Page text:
107. Mr. Tierney said, that he did On Nov, 21st, Mr Peele moved not wish to dispute the sentence in the House of Commons, the of the court-martial, or to cast an second reading of a bill for amend. imputation on their conduct; buting the Irish Peace-Prese rvation the proceedings, if produced, would Act. shew, that no officer could be Mr. J. P. Grant said, he un. exempt from censure, however derstood that the right hon. geojust his motives, or exemplary his tleman had declared, that the mea. conduct, who should attack a mansures carried in the last session bad who was a favourite. (This term been completely successful, for occasioned a cry of “ hear" from that the Insurrection bill bad never the ministerial side of the House, been put in force at all; and the re-echoed by the opposite side). other bill only in one instance, Mr. T. went on with a variety of For his part, he bad seen or beard remarks tending to confirm his as nothing to change his opinion of sertion, and said he should support the impolicy and impropriety of

suspeuding

CHAPTER XIX.

Domestic Occurrences.-His Majesty's State.-General tranquillity of

Great Britain.-Disturbed State of Ireland.- Proceedings of the Irish Roman Catholics.- Princess of Wales.- Princess Charlotte of Wales.- Attempt to alter the Corn Laws.- Commercial Prospects.

THE official reports respecting coalescence between the superior

1 bis Majesty's state during and inferior ranks, marked by the present year bave almost uni- bounty in the former, and decency formly been, that bis bodily health in the latter. has remained unimpaired, and his In the sister island, however, mental condition has been com- the year has been distinguished by posed and tranquil, but without a very different state of things. the least improvement in his intel- Such a spirit of outrage and law. lectual faculties. It cannot be less violence was inanifested in doubted that the case is now abso. several of the Irish countries, that lutely decided, and that the regen- it was thought necessary to arm ry is to all intents and purposes the magistracy with extraordinary constituted a reign.

powers for the preservation of the This year, like the last, has been public peace; and in our narrative little disturbed by commotions in of parliamentary proceedings will any part of the island of Great be found the particulars of tbc Britain ; for a few outrages com- measures adopted on this occasion, mitted by the frame-breakers in as well as the discussions with Nottinghamshire scarcely deserve which they were attended. A notice. It is even remarkable more full and unbiassed account of how little the vast assemblages of these disorders and their causes people in the metropolis and other was however thought to have been towns, drawn together by the fes- given in a celebrated charge from tivities and unusual objects of cu.. Judge Fletcher, for which reason riosity which the time has afford. we have presented it entire to our ed, have tended to excite a riotous readers. disposition in the populace; and if It was observed, in relating the the demeanor of the mob has proceedings of the Irish Roman sometimes been marked with rude Catholics during the last year, familiarity towards the illustrious that a spirit of disunion had mani. visitants, it never put on the ap- fested itself in that body which pearance of ill humour or mis- had operated unfavourably upon chievous propensity. The rejoic. the efforts towards an improveings on account of the peace were ment of their situation; and the hearty and general, and frequent- same remark will apply to the prely offered very pleasing displays of sent year. In the beginning of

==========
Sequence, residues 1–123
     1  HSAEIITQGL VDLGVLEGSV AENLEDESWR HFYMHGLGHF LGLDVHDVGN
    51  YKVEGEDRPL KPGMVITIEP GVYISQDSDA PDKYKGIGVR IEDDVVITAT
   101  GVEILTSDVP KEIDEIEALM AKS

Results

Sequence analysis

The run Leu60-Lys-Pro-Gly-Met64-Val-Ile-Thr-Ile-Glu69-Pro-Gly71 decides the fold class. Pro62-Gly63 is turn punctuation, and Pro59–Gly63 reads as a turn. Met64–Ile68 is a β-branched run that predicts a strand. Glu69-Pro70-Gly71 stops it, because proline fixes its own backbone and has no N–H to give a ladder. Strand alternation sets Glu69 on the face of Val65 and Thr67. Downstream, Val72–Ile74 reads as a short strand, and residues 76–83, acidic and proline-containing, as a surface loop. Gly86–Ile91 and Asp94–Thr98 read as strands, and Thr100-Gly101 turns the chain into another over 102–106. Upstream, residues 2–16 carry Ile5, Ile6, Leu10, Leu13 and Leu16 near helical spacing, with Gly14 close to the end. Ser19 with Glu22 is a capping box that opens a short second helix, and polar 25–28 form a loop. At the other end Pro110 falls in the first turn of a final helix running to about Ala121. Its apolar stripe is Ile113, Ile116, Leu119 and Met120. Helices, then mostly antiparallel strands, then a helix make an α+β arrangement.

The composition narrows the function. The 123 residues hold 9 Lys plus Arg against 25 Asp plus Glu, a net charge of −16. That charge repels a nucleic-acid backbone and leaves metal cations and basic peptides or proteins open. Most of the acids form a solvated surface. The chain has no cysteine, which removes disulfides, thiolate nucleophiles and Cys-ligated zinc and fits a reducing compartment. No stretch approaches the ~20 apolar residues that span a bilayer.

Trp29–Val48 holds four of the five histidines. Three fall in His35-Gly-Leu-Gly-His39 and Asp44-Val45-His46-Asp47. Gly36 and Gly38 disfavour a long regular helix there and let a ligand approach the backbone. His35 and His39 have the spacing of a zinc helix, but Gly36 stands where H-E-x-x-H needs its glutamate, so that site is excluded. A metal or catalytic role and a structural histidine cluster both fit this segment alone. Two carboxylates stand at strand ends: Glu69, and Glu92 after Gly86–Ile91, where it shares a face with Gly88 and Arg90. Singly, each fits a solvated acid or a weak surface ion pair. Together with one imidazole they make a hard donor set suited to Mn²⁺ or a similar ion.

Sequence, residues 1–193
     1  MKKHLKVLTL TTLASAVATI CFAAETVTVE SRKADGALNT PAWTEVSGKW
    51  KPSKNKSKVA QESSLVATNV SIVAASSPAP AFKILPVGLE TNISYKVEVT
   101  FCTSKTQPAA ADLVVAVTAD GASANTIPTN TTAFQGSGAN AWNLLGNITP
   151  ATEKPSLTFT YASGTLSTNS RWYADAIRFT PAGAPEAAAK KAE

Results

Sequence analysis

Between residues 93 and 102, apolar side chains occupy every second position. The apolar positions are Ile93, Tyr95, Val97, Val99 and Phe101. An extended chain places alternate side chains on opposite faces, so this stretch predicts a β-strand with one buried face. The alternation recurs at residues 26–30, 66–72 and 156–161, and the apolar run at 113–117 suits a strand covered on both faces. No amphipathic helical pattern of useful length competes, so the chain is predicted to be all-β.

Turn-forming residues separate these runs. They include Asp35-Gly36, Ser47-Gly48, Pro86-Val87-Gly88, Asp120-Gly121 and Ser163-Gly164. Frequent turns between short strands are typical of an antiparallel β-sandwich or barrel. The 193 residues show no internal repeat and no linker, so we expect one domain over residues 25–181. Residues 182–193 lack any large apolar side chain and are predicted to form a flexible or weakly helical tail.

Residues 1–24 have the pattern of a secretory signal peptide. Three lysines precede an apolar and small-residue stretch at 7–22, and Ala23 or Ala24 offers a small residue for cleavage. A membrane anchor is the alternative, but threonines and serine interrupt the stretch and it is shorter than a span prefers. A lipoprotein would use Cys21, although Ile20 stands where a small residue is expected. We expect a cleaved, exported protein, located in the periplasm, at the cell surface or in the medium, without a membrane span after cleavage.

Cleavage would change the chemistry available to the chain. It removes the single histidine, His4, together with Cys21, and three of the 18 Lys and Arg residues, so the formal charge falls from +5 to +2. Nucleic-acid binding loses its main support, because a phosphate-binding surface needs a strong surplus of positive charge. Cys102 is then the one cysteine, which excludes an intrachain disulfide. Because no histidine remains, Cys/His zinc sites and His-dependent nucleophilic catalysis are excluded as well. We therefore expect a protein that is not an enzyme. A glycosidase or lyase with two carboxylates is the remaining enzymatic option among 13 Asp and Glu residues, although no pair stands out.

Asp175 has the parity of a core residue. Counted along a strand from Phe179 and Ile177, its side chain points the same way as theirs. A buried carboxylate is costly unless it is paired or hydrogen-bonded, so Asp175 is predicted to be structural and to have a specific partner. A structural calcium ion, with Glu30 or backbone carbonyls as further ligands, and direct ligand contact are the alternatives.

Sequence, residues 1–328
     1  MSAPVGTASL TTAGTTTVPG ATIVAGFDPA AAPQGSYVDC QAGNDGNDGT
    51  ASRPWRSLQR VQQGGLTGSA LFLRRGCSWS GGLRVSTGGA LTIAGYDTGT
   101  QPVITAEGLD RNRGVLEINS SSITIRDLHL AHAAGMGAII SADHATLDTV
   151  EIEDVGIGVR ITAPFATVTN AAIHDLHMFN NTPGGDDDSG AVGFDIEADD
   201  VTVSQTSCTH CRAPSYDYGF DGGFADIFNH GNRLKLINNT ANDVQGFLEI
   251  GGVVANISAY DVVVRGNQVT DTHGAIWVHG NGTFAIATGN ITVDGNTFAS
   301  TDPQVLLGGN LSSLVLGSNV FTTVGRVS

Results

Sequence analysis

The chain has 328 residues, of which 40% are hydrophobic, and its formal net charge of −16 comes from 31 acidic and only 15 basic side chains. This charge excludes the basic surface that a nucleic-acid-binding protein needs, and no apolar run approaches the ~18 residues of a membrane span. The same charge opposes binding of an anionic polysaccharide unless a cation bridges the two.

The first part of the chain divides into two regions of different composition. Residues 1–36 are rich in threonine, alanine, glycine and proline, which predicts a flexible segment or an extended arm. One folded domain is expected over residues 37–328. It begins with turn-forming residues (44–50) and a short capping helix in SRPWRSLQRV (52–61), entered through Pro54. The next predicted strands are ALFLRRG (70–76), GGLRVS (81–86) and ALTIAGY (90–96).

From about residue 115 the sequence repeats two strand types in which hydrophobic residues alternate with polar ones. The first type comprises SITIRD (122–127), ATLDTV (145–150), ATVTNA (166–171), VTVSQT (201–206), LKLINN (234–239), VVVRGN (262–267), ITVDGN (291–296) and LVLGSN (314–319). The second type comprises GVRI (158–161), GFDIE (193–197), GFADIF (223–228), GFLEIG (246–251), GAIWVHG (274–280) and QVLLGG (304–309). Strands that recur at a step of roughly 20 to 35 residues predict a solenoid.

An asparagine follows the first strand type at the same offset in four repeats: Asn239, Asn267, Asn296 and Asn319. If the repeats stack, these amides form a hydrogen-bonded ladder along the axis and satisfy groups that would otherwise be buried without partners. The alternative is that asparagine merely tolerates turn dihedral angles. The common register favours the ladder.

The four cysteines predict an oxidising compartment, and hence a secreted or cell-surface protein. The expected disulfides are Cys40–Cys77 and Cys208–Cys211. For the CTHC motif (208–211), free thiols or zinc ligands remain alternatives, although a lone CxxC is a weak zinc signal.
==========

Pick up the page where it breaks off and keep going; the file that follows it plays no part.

May

time, and passed. It received the the topics waiting for parliamenroyal assent at the close of the tary consideration, he was fully session

aware of their importance, but the On December 2d. The Earl of internal concerns of the empire Liverpool moved an adjournment were too closely connected with of the House of Lords to the oth the external, to be disposed of of February next.

without reference to each other. Lord Grenville said, that to this On some of the points alluded to motion he must decidedly object by the noble lord he thought it Their Lordships had been called best to keep silence; but with together in times when legislative respect to the charge made relative deliberation was more than usually to the American negociation, their necessary. There was bardly a lordships might be assured, that branch of the public administra- aggrandisement on tbe part of this tion that did not require the ma- country formed no feature of it. turest consideration of parliament, The Duke of Sussex gave bis yet under these circumstances an opinion on some of the treaties adjournment of from two to three with foreign countries which had mooths was proposed without a transpired, and expressed his wishes single reason assigned. His lord with regard to several of the points ship then touched upon the sub- to be settled at the congress. jects which peculiarly demanded The Earl of Donoughmore, in their immediate attention. These reply to the assertion, that the were, the corn laws, the state of time proposed for the adjourothe circulating medium of the ment was not much beyond the country, its finances, the reduc- usual period, observed that the tion of the immense war establish- present was in no respect an usual ments, and the war with America, time, and that the weigbty conwhich, from the demands ad- cerps now under discussion at vanced by us, appeared to be con- Vienna, were precisely a reason verted to a war of aggrandisement. why parliament should be at hand Was this a situation of things in to give counsel to ministers. But, which, for reasons of private con- (said he) their language to parliavenience, they ought to turn their ment is tantamount to this backs on their public duties? “You are very good instruments

The Earl of Liverpool began by of taxation, but we do not want observing, that it was an error to you as advisers." suppose that the adjournment im- . The question was then put and plied a waste of two or three carried. months, since, until the last ses. The motion for adjournment in sion, the House had long been the House of Commons occasioned accustomed not to meet before the a debate of which it is unnecesmiddle of January, not more than sary to relate the particulars. A three weeks preceding the tinie to division took place on the queswhich the adjournment was pro- tion, For the motion 86; Against posed to extend. With respect to ii 23 : Majority 63.

CHAP